As for my own kids, I started reading to them when they were only a couple months old. I would hold up books so they could see and read the story, or make one up. As they got older, I encouraged them to ask questions, to take turns reading aloud, and to select what to read. I admit that when they were very young I did limit their options. I kept adult material (porn) out of their hands, but encouraged them to read as much as they wanted and what ever they wanted. But my husband and I guided their reading, not the school, not society, and certain not some stranger on the street.

I once got into a shouting match with a teacher about my children's reading choices. Okay, I nearly punched her in the face. She had banned Goosebumps books from her classroom because they were poor quality books and when my daughter took an junior version of Edgar Allan Poe to school she was told she couldn't read it because it was horror like "those Goosebump books."


The teacher's claim was that kid's wouldn't understand the difference. Grade four? Really? Kids that age are pretty damned savvy. Suffice it to say that we had a rather heated discussion about it, (I may have raised my voice), and in the end, my daughter read Poe in school.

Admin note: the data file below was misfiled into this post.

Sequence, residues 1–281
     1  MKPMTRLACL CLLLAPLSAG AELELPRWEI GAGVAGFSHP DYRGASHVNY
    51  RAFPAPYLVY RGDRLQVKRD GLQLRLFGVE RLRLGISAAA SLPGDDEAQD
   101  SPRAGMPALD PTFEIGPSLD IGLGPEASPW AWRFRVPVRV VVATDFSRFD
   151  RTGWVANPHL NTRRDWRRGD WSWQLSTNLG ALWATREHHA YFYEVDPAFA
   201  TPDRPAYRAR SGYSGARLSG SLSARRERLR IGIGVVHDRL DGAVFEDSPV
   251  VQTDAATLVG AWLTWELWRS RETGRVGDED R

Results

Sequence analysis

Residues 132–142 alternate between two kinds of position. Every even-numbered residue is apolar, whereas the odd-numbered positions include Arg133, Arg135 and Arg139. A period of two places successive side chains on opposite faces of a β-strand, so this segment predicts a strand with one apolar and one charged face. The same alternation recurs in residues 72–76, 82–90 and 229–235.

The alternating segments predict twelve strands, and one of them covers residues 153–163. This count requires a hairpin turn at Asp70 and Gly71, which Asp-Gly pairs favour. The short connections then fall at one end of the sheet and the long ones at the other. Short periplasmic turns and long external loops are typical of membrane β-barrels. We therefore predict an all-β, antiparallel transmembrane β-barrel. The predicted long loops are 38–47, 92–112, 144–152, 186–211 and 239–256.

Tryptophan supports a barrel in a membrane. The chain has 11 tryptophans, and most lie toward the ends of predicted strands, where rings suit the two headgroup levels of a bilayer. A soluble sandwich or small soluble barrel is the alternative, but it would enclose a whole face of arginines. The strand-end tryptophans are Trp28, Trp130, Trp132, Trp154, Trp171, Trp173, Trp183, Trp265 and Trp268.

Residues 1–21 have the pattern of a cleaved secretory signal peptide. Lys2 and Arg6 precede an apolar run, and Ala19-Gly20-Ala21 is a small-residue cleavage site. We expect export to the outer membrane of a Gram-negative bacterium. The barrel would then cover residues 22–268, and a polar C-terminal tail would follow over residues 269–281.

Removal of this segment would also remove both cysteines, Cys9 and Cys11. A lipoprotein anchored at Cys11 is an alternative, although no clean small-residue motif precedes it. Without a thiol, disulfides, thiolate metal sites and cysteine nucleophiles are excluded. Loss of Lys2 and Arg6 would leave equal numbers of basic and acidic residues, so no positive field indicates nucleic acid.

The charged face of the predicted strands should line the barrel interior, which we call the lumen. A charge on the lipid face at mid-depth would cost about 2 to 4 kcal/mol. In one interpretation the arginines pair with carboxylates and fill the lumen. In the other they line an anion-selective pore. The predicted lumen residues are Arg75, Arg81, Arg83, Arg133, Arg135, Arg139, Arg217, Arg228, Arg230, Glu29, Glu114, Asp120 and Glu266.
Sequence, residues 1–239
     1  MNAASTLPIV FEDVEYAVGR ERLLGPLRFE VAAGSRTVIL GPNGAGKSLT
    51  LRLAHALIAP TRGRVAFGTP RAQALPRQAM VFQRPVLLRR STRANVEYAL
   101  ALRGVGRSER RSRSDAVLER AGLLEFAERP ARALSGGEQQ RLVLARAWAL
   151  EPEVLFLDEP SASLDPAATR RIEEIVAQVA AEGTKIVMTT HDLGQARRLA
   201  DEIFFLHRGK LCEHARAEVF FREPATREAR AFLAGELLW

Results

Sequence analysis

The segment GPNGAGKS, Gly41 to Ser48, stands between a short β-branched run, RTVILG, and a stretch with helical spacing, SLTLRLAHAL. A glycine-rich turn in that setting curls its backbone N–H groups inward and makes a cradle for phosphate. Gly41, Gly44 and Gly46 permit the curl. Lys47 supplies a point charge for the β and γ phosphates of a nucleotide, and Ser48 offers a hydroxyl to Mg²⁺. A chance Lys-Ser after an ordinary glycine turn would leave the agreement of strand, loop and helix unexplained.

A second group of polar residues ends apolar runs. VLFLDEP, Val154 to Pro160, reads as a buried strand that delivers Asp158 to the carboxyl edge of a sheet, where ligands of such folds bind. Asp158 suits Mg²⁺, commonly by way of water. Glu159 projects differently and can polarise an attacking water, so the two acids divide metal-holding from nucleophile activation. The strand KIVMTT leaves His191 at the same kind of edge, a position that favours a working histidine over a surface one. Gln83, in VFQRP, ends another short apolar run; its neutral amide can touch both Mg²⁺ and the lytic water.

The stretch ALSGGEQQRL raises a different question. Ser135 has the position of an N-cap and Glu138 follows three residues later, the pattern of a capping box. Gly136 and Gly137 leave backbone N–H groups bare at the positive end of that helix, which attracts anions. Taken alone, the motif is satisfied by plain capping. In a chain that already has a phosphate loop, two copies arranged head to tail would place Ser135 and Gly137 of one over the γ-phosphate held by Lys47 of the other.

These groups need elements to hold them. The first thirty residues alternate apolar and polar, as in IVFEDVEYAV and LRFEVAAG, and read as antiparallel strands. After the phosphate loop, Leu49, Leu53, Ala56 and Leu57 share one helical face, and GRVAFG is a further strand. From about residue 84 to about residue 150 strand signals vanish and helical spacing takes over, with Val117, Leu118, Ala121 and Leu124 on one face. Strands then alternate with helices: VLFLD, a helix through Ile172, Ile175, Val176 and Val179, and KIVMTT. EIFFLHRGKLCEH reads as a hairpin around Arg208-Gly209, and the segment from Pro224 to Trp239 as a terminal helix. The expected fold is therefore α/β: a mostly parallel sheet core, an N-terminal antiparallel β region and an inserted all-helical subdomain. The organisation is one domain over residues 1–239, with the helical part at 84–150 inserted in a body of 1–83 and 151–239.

Nobody has the right to tell my children what to read, or what not to read, except me. My children are older now, and I will listen to their dictates on what my grandchildren are permitted to read because it isn't my place to raise their children. That isn't to say that I won't tell my children they are wrong and try to convince them to come around to my way of thinking. 

My opinion of reading was and is, I don't care what you read, high quality, low quality, classics or total crap. If you read something crappy and enjoy it, you might pick up something similar that is better. A child reading Goosebumps (not picking on them, just using them as an example) can be steered to something better with the simple words, "This is like Goosebumps, maybe you could try this."

Once you develop the taste for reading and the wonderful worlds it can open up for you, you can fly. So read anything, read the cereal box, maybe when you get bored of that you'll pick up the comminity paper beside it, or your sister's novel. Why stifle curiosity by limiting his reading options? If he only ever reads comics, so what? To my mind, that is better than not reading at all.